Where would I be without my trusty calipers? They might be small, but I use them every day and they allow me to double check within seconds how thick a material is.
With laser cutting, the principle is to cut at maximum speed and the maximum power required for that speed for a clean cut through. Machine settings I select for 10mm perspex are different to the ones I’d choose for 1mm card.
If a material is a bit thicker than expected, even by a fraction of a millimetre, the chances of not getting a clean cut through increase. As a result, materials and production time are wasted.
Sometimes, production is successful, but if cut parts are designed to slot into each other and are too thick or thin, fit is not good. There’s a case study about this here.
It can be tricky to get sheets of solid wood cut to an exact thickness as they need to be cut with a saw and sanded down. They always need to be checked and I sometimes perform test cuts before starting a job. And as each piece of wood is unique with slightly different densities, tests are a wise precaution anyway.
Wood isn’t made in a standard process like perspex is. Tree type, where the wood came from in the tree, its growing conditions and how the wood was processed can all affect how the wood behaves.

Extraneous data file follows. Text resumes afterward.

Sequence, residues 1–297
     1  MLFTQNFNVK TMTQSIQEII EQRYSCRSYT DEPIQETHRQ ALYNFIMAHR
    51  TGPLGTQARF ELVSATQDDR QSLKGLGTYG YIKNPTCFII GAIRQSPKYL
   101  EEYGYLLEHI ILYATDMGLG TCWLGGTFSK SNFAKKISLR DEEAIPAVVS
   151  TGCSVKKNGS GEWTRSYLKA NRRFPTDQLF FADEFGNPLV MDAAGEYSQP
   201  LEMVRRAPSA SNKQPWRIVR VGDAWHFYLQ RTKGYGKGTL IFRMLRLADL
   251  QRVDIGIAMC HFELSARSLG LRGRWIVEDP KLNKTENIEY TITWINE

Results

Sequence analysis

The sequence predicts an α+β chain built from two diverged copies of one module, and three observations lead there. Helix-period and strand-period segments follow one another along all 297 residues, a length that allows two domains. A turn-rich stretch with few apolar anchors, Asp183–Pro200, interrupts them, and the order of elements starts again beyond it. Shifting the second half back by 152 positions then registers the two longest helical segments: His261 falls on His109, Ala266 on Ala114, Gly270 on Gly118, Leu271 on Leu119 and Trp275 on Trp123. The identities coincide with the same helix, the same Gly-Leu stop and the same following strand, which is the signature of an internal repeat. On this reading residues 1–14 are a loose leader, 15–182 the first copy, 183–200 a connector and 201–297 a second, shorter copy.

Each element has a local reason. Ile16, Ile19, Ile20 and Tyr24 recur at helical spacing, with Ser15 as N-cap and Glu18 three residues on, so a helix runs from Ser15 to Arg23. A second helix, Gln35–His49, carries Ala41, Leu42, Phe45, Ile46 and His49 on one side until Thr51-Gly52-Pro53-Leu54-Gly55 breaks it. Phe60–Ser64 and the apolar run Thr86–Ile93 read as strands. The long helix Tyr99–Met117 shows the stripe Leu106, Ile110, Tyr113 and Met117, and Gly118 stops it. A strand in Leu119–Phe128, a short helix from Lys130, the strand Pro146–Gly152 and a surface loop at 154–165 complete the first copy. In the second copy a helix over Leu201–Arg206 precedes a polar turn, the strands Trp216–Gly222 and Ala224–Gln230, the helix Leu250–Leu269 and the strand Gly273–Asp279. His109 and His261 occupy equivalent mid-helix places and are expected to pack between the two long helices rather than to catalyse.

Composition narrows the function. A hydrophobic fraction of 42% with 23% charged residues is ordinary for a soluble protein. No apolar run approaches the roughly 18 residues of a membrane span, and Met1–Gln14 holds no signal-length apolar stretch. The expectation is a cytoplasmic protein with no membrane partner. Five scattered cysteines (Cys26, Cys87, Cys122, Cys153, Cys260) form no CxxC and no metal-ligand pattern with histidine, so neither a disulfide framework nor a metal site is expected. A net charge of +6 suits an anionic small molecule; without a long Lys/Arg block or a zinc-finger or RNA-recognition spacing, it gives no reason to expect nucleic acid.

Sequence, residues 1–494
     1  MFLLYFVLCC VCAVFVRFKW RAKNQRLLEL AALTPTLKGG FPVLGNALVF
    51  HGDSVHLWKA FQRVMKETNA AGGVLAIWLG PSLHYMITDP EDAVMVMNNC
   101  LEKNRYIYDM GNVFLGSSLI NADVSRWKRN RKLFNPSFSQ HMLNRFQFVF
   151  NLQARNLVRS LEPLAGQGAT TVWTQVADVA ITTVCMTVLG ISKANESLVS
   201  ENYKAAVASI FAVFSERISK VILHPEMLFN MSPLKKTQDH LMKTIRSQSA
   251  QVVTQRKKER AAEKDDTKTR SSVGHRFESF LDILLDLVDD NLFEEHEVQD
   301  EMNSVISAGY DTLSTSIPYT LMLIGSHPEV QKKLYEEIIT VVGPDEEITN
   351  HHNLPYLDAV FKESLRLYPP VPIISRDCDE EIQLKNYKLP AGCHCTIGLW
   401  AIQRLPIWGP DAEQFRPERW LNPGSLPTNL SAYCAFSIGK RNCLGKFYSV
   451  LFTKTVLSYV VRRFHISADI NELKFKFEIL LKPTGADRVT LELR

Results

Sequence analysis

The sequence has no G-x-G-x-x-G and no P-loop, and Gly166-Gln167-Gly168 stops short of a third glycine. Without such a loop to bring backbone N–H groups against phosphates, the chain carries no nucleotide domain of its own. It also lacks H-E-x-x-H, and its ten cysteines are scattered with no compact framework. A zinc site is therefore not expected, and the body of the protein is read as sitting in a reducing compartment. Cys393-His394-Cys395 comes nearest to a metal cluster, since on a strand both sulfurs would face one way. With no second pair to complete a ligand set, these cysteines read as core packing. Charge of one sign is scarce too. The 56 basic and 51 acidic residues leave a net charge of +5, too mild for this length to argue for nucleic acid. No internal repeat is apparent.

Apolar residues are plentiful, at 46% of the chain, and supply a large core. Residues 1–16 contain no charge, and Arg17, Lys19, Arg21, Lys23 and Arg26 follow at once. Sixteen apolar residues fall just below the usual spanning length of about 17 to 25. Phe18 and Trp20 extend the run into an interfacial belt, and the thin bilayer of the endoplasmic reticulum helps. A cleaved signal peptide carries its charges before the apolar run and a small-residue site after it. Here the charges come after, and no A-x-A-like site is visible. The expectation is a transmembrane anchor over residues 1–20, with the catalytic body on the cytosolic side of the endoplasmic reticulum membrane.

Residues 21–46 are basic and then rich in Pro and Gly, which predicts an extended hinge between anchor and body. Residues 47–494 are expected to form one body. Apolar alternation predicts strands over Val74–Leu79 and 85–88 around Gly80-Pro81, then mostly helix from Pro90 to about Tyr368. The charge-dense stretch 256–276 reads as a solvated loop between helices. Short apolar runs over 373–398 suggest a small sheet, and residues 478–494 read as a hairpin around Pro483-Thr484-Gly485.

Perspex is usually pretty reliable in thickness as it’s either cast in sheets of a certain thickness, or it’s extruded through rollers set to a specified thickness. Some brands need to be cut a little slower than others. There’s a blog about perspex here.
When I buy birch plywood, the thickness described is nominal, not actual.
Nominal 3mm ply is usually 3.1 to 3.2mm, and 4mm is often 3.8 or 3.9mm. As it’s made of laminated layers, final thickness of a sheet depends on the thickness of its layers.
Some thicknesses of ply can look similar to others. I regularly use 3, 4, 5, 6 and 9mm. Sometimes, I’ve selected a piece of 4mm instead of 3mm, or 5mm instead of 6mm by mistake. Measure twice, cut once as a wise person once said!
If I pick a thicker piece by mistake, I don’t get a clean cut. If I select a piece that’s too thin, the work can burn on the back.
Cutting a material too slowly with too much a power damages final product quality. So checking before production makes sure products are right first time.
If you’ve got any questions about laser cutting and engraving, contact us and I’ll do my best to answer them.